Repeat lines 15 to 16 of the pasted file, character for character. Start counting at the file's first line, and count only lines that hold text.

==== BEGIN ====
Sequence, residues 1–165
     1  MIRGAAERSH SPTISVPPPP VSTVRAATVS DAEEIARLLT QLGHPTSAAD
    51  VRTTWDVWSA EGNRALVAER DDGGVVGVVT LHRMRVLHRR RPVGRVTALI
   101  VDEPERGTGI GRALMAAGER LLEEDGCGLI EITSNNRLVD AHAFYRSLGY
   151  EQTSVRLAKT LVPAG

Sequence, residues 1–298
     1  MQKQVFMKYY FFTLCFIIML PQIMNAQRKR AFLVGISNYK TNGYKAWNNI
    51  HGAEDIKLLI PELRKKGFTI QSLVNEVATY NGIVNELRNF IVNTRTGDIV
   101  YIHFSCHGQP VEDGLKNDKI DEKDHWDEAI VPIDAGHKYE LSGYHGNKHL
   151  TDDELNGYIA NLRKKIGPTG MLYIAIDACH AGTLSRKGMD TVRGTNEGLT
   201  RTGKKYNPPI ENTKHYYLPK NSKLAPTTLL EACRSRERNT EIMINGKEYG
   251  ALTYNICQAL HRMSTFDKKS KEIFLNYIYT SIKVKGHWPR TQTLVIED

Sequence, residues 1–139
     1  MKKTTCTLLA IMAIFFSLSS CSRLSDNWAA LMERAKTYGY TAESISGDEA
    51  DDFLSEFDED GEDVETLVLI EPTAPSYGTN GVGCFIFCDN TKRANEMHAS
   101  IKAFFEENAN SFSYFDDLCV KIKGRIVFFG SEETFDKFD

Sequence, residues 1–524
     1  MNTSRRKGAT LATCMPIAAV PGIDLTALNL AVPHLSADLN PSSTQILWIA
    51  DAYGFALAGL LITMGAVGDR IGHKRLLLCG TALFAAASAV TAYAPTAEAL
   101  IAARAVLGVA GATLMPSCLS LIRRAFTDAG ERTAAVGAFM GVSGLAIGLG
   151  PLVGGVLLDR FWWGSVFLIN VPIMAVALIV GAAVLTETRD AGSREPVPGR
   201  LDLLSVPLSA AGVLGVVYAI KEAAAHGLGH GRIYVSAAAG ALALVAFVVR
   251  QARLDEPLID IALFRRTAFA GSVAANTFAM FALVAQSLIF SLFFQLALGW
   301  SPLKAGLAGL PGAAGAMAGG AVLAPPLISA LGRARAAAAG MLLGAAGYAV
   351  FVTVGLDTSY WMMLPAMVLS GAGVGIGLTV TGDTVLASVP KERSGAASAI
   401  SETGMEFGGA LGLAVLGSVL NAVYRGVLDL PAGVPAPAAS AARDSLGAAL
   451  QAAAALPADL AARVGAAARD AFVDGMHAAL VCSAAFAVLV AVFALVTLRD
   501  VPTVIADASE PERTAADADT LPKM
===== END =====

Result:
    51  DDFLSEFDED GEDVETLVLI EPTAPSYGTN GVGCFIFCDN TKRANEMHAS
   101  IKAFFEENAN SFSYFDDLCV KIKGRIVFFG SEETFDKFD